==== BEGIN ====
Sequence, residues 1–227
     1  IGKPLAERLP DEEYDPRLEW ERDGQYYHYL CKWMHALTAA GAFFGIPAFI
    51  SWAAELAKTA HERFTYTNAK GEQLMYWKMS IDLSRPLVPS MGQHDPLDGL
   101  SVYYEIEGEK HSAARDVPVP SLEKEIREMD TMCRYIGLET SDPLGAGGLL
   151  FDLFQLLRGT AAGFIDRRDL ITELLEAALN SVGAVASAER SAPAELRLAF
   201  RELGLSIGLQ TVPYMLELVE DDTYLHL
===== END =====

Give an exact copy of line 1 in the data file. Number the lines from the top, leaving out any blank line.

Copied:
Sequence, residues 1–227